Black Dragon Coleus

Coleus, How to grow

This remarkable plant comes in as many color variations as you could possible imagine. Easy to take care of and you can grow it like a small tree shaping it as you go for that Christmas tree look or abut anything you can  imagine.

rown as a houseplant, thriving in brightly lit locations indoors. Although it blooms and produces seeds readily when it is grown outdoors, Coleus is technically an annual, and will grow indoors as a houseplant for many years but will not produce flowers or seeds.

Plant outdoors in spring, after all danger of frost has passed, in a site with partial to full shade. Choose rich, well-drained soil with plenty of moisture, and be sure to add in a generous amount of compost at planting time.

Space plants 9 to 12 inches apart, depending on the mature height of the plants, which can range from 10 to 18 inches.

Pinching off the tops and clipping coleus flowers will encourage branching and a fuller plant and requires the plants be spaced further apart.

Help keep soil moist by adding mulch under the plant.

Fertilize every four to six weeks with organic fish emulsion or work in a slow-release fertilizer at planting time.

Starting from seed.

Start with a good potting mix or a similar medium about 2-3 inches deep in a tray or pot with good drainage. (deep, is better) Mix in a handful of peat moss or clean sand.

Place 2-3 coleus seeds over the planting mix. Push the seeds gently into the soil with your hand but DO NOT cover the seed. The seeds need light to germinate.

Place the tray or pot into a container of warm water. This method waters the seeds and soil from the bottom up without disturbing the seeds. Remove the pot or tray from the water once the soil becomes moist. Place a piece of cellophane or a raised dome lid over the container to keep moisture inside.

Because Coleus doesn’t like their roots disturbed we suggest starting them in small pots like a 2” square.

Place the seed container in a location that is both shaded and warm. If the soil becomes dry, place it in a container of warm water again. DO NOT top water as this will disturb the germinating seeds

Monitor the seeds for germination, which usually occurs about 10 days after sowing. The seeds need oxygen to grow so punch small holes in the cover once you notice sprouts emerging.

Transplant the seedlings when they have four – six leaves. Do so by carefully digging up the seedlings with a trowel and placing them in the ground or in bigger, individual containers. Coleus does not like their roots disturbed. Place them in holes that are about twice as big as their roots and then cover the roots with soil. After transplanting, pinch the top two leaves off of the coleus to encourage the seedlings to grow into sturdy, bushy plants.

Growing a Coleus “tree.”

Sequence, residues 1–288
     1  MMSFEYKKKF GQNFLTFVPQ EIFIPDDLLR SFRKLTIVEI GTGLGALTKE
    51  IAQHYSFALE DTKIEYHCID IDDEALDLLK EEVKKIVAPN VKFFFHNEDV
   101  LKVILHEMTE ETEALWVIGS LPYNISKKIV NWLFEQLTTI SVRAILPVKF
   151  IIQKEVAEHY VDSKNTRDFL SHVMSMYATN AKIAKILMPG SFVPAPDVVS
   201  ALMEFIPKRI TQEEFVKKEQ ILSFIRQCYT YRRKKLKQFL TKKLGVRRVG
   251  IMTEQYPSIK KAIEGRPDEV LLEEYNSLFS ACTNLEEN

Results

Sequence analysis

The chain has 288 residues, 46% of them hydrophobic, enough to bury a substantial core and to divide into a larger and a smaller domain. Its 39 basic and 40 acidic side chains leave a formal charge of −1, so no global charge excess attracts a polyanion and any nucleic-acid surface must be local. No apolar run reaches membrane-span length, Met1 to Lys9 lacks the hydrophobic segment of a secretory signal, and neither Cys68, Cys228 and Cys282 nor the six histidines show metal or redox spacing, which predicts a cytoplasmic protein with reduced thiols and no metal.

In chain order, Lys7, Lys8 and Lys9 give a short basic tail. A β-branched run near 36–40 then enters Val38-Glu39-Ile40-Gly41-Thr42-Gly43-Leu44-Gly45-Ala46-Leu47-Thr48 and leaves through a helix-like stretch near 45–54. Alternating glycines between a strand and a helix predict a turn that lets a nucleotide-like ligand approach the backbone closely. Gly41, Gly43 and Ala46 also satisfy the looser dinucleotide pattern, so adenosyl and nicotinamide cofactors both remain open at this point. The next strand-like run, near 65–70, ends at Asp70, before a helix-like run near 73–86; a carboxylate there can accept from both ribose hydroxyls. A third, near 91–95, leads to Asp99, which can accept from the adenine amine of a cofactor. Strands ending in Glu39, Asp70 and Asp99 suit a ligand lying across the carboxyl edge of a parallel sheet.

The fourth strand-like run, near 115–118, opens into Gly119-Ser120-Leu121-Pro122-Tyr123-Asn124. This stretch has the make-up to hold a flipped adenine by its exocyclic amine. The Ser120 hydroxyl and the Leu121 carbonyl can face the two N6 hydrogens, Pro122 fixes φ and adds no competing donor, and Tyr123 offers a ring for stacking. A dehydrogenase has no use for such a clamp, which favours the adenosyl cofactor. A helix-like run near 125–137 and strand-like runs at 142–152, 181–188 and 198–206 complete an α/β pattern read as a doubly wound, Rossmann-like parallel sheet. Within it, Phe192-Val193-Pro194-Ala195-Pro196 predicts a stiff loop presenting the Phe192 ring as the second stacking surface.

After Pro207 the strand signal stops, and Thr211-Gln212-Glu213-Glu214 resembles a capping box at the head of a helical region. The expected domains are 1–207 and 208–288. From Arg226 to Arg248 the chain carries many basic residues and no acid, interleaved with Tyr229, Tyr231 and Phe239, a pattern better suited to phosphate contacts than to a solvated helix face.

Snip a cutting from healthy new growth anywhere on a coleus plant. Ensure the stem of the cutting is straight. Do not pinch the growing point.

Flower, Coleus Tree

Push the cut end of the cutting into a 2-inch pot filled with equal parts vermiculite and peat moss. Put the pot in a protected, partially shady location, and keep it moist until roots form in two to three weeks. Bottom watering will encourage the downward growth of the roots.

Fill a 6-inch or larger 8-10” (depending on how tall you want your Coleus tree) pot with quality, indoor potting soil. Insert a bamboo stake near the center of the pot, offset to one side by 1 or 2 inches. The bamboo stake should be the same height as you want the final height of the trunk of the Coleus and should be inserted to the bottom of the pot to help prevent the Coleus from toppling.

Remove the rooted plant from the 2-inch pot, and plant it in the center of the larger pot, close to the bamboo stake.

Tie the coleus loosely to the bamboo stake.

Place the coleus in partial shade in a protected location. Continue loosely tying the stem of the coleus to the bamboo stake as it grows. Do not remove any leaves along the stem at this time. Fertilize the plant weekly with a water-soluble houseplant fertilizer, mixed at half the strength stated on the label.

Pinch the growing tip of the coleus when it grows just beyond the top of the bamboo stake. This will cause it to branch out, beginning the process of creating a canopy on your coleus tree.

Clip off the leaves along the trunk of the coleus after it begins growing new branches by clipping the growing tips of the branches in the canopy. Removing the beginning of leaf set number four, when each branch has three sets of leaves. New growth will continue from the junctures where the leaves grow from the stems, creating a thick, lush canopy.


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